A survivor of the Jerusalem bus bombing on Monday night recalled from her hospital bed how she searched for her teenage daughter in the immediate aftermath of the terror attack and found her “all burned.”
Racheli Dadon, a resident of Jerusalem, was on the No. 12 bus with her 15-year-old daughter Eden on Monday afternoon when it exploded, injuring 21 people.
Two people were seriously hurt, including one in critical condition, and six were moderately injured, police and paramedics said. There was no immediate claim of responsibility for the blast by any terrorist groups or individuals.
“Everything was dark and smoky, I looked for my daughter and she was all burned,” Dadon told the Ynet news website. “After the explosion I collapsed. Her face was all black, you couldn’t see her.”
Dadon said she was told to lie down and subsequently heard a second blast. “My daughter couldn’t get out [herself], so they took her out,” she said.
Eden Dadon was in moderate-to-serious condition after the attack, according to the Ynet report. “In a month, she’ll be 16, and now she’s sedated and on a respirator. I pray she gets out of this,” Dadon said.
Or Bondy was aboard the No. 12 bus on Moshe Baram Road near Hebron Road when it blew up. He had just sent his father, Tzadok, a text saying “What’s up, dad?”
The newly married 25-year-old, who was on his way home after a day at work, received burns on his face, arms and legs. Two hours later, Or Bondy was entering a CT machine barely able to talk.
The bombing was a stark reminder of an attack method commonly used during last decade’s Second Intifada, but which has since become rare as so-called lone-wolf attackers have assaulted Israelis with knives, guns and cars.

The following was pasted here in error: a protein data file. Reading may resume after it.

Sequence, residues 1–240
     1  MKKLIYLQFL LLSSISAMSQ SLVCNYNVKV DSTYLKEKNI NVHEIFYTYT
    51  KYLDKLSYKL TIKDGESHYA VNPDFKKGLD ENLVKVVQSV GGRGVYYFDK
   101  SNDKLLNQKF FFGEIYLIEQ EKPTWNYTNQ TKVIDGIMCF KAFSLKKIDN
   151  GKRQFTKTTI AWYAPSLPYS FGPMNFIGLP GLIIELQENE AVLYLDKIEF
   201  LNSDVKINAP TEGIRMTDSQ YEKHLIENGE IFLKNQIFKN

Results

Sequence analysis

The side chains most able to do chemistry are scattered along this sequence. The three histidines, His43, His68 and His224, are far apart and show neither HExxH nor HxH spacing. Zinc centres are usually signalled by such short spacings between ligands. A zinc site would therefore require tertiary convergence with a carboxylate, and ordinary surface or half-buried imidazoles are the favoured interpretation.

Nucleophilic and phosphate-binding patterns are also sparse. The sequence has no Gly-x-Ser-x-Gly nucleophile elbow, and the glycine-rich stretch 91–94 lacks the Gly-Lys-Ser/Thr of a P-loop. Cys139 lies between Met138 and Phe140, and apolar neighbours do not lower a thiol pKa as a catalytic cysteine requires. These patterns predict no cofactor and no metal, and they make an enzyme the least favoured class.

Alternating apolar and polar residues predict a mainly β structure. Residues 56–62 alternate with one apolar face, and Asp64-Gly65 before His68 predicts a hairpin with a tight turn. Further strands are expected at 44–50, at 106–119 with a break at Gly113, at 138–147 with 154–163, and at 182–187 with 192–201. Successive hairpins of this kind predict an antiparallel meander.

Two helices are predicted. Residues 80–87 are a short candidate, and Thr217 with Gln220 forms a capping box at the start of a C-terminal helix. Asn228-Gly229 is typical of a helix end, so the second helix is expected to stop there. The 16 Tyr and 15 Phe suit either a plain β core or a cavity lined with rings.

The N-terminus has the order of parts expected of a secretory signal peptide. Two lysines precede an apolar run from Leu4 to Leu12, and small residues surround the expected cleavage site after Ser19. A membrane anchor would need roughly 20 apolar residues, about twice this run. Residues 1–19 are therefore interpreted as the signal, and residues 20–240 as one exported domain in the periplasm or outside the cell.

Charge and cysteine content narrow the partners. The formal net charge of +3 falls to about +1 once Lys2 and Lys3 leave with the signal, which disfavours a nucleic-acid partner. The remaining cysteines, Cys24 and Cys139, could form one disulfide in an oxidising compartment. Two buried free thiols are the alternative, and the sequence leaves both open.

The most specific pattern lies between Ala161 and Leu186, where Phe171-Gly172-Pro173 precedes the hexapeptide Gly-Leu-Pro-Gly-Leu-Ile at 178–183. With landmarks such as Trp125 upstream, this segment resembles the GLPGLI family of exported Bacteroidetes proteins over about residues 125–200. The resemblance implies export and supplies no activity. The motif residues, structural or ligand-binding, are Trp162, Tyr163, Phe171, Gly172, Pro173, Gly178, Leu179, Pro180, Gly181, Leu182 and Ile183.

“I always pushed it aside,” Tzadok Bondy told reporters regarding Jerusalem’s terror attacks. “Now it’s infiltrated my family.”
The bus exploded as it was passing near the Talpiot neighborhood in the southern end of the capital carrying a number of passengers at around 5:45 p.m., police said. The blast set a car and a second empty bus on fire, injuring several more people.
Moshe Levi, the bus driver, told Hebrew media Monday night that he did not notice anyone suspicious on his bus, and had carried out two security checks shortly before the blast. When the bus exploded, he opened the doors and ran outside, calling out to the drivers in the area to alert the police, Levi said.
The terror attack broke weeks of relative calm in the city after a six-month wave of Palestinian terror and violence seemed to be subsiding, and marked a return to a type of violence not seen in Jerusalem for years.
Jerusalem police chief Yoram Halevy told media the blast was caused by an explosive device placed on the bus, but police did not know if the bomber was on the bus at the time of the blast.
“When a bomb explodes on a bus, it is a terror attack,” Halevy said, confirming that the bombing had been a terrorist action.
Police were investigating whether one of the people seriously injured in the explosion was in fact the terrorist responsible. However, the identity of the burned victim had not yet been confirmed, a spokesperson said.
Terror groups Hamas, Palestinian Islamic Jihad “welcomed” the bombing as did the Popular Resistance Committees, but did not claim responsibility.